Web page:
SALT LAKE CITY — Sitting in an excavator, Mayor Jackie Biskupski dropped the first pile of land into a dumpster, signifying the beginning of a new construction project.
Then taking a pickaxe, a line of public utility employees and the facility employees hit the ground with Mayor Biskupski — the groundbreaking ceremony for the new water reclamation facility.
Laura Briefer, the Salt Lake City Department of Public Utilities director, said the current facility is 55 years old and no longer up to code with its aging infrastructure.
“It doesn’t meet current seismic standards,” Briefer said.
The facility also doesn’t meet the water quality requirements and, Briefer said, it would almost cost more to try and fix the place up than build a new facility.
“Energy efficiency is one of those things that will be built into it,” she said. “Water efficiency and conservation will be built into this facility.”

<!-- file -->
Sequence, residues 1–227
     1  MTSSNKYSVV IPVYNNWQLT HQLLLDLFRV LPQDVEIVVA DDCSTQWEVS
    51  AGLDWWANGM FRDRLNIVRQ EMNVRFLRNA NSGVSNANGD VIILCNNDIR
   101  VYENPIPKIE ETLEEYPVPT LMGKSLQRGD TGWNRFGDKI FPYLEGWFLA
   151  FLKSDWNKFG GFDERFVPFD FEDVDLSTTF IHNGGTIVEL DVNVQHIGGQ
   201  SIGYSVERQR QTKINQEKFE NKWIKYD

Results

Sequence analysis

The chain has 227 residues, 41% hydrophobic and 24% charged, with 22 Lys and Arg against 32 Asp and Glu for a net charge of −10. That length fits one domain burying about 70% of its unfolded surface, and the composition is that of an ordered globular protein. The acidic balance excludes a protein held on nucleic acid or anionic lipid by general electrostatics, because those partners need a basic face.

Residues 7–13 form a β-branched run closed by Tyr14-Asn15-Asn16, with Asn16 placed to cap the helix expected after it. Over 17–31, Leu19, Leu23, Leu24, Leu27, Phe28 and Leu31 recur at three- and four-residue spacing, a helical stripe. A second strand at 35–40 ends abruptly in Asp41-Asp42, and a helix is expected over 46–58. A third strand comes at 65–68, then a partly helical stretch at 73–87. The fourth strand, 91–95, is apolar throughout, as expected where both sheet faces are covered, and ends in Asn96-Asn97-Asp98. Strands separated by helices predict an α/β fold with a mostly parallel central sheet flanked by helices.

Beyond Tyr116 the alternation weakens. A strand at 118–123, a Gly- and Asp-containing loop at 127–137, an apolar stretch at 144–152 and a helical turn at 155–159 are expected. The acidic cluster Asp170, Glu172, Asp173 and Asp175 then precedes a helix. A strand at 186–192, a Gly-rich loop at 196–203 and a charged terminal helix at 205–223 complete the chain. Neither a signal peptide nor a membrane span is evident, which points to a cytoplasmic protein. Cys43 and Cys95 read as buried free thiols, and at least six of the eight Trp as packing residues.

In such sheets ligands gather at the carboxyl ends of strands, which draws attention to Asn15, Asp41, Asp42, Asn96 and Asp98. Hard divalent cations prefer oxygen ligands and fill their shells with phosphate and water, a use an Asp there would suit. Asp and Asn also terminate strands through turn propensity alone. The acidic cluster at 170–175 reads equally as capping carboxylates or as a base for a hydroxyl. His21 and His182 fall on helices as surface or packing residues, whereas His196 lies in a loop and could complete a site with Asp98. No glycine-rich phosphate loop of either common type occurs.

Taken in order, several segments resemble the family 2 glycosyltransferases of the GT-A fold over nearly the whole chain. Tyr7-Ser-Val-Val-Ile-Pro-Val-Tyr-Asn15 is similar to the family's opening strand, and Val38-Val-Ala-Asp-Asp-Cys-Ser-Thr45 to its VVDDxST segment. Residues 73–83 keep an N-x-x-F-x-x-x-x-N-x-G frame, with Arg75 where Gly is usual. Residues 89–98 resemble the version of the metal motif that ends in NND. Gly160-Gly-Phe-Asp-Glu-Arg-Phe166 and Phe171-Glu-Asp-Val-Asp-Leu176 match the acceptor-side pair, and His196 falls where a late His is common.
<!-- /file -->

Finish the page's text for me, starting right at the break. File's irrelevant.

The proposed plan moves the pump station closer to the facility and repurposes some of the buildings already on the land, not expanding beyond the already existing property lines.
“What you will see is this footprint will nearly shrink in half,” Biskupski said. “I think that in of itself is how much more efficient we’ll be and the odor will be much more contained than it is today.”
Along with applying for a federal grant, Briefer said they are budgeting $528 million dollars for the project by increasing rates.
Currently, the proposed rate changes would increase 18 percent for wastewater, 5 percent for water and 10 percent for stormwater.
“I think everyone would understand that if we waited until a disaster that would be hugely problematic,” Biskupski said. “It’s time. We know it’s time, and we’re going to take care of it.”
The half-billion-dollar construction project is the largest non-airport public works facility in the city.
The Salt Lake City Department of Public Utilities is the oldest retail water provider in the West.